Dozens report melting vinyl siding after I-Team report

Dozens report melting vinyl siding after I-Team report


by STUART WATSON / NewsChannel 36
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Posted on March 2, 2010 at 7:35 PM

CHARLOTTE, N.C. -- Last month the NewsChannel 36 I-Team alerted homeowners to an increasing problem: melting vinyl siding.

It turns out some double-paned, energy efficient "Low E" windows act like a big magnifying glass and focus the reflected sunlight to actually melt the vinyl siding on adjacent exterior walls.

At the time, industry representatives called the problem "rare," "isolated," even "unique." But dozens of homeowners in the Charlotte area e-mailed to say they have had similar problems with melting siding.

Lisa Forlenza, a homeowner in Auburn Place off Rea Road in south Charlotte, tipped us to the story.

"I feel like a relatively new homeowner should not have melting siding," she said. And she found some of her neighbors were in the same boat. "I'm sure it's widespread," she said.

But industry representatives all insisted it was rare. A spokeswoman for the Vinyl Siding Institute, a trade group, called melting siding "infrequent...a perfect storm situation." The American Architectural Manufacturers Association, which represents window makers, called reports of melting siding "rare and isolated." And a spokesman for Pulte Homes, which built Lisa's home and which has since offered to replace her siding for a second time, said the melting siding was a "unique and rare occurrence."

Then, at least two dozen homeowners e-mailed the I-Team -- some attaching photos of melting vinyl siding and even a melted plastic trash can lid -- to say they, too, had experienced the phenomena and it was by no means unique.

The e-mails came from a wide variety of neighborhoods all around Charlotte -- from Huntersville, Mooresville and Concord to the north and from Waxhaw, Matthews and the upstate of South Carolina to the south. One real estate agent e-mailed to alert a homeowners' association that he had seen melted siding "over and over" in a neighborhood near Ballantyne.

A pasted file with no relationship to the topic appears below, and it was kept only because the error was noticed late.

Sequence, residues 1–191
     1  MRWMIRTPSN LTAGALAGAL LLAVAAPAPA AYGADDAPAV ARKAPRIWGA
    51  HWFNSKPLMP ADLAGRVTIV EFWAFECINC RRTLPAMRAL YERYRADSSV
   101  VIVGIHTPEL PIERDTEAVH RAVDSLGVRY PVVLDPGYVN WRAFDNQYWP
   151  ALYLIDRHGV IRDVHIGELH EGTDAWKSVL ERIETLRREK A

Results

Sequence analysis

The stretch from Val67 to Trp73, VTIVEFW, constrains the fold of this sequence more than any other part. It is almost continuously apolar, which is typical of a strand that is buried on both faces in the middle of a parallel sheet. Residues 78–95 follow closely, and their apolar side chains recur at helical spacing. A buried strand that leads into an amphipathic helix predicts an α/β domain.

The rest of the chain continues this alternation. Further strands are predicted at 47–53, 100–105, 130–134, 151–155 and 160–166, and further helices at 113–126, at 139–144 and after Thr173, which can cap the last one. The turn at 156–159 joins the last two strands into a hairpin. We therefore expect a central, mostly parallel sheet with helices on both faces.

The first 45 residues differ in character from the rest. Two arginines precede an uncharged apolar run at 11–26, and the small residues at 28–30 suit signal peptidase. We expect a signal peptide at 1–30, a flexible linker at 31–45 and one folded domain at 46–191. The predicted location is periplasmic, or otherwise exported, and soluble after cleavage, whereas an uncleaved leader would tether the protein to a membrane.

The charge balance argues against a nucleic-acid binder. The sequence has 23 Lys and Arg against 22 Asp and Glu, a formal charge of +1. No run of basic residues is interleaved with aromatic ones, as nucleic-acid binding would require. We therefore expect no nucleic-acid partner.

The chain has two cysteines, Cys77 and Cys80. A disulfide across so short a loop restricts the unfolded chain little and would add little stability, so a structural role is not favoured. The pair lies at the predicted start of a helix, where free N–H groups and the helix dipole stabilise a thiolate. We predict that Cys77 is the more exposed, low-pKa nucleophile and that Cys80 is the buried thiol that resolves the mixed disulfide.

"I had heard stories about it but hadn't really seen anybody else really experience it," said David Worrell of Huntington Forest off of Steele Creek.

A strip of siding running vertically up his chimney is melted. He says he asked the builder, D.R. Horton, to fix it before giving up and hiring a contractor himself.

"I made some noise about it during the warranty," said Worrell. "They just said it's what happens and I didn't really pursue it."

But some builders, including Pulte Homes, have offered to replace melted siding for some homeowners after the I-Team's first report.
Jack Wittwer in the Clairemont Neighborhood in Indian Land, S.C., says one strip of his home's vinyl siding has melted repeatedly.

He says the builder, Ryland Homes, at first refused to replace the siding. But after the I-Team's first report, he says the company checked it out and said it would pay for new siding and offer him a $25 credit to buy a shrub to block the sunlight.

"We know that if it hadn't been for your television story we would not be at this point," said Wittwer.  

Driving through neighborhoods with vinyl siding and double-paned "Low E" windows, you can see patterns of bright sunlight focused on the siding in adjacent houses, some reflected on chimneys or walls at the same house.

So far, home builders and vinyl siding manufacturers and window makers have focused on fixing the problem rather than preventing it. Those fixes include:

  • convincing neighbors to put screens over the offending window,
  • planting trees of shrubs to block the sunlight,
  • and replacing the siding with higher quality replacement siding with a higher melting point.

Without a new design for tract homes that changes the type of windows or the grade of siding or both, homeowners will continue to be stuck filing claims with builders or manufacturers to pay for those fixes.

Do you have melting vinyl siding? E-mail us at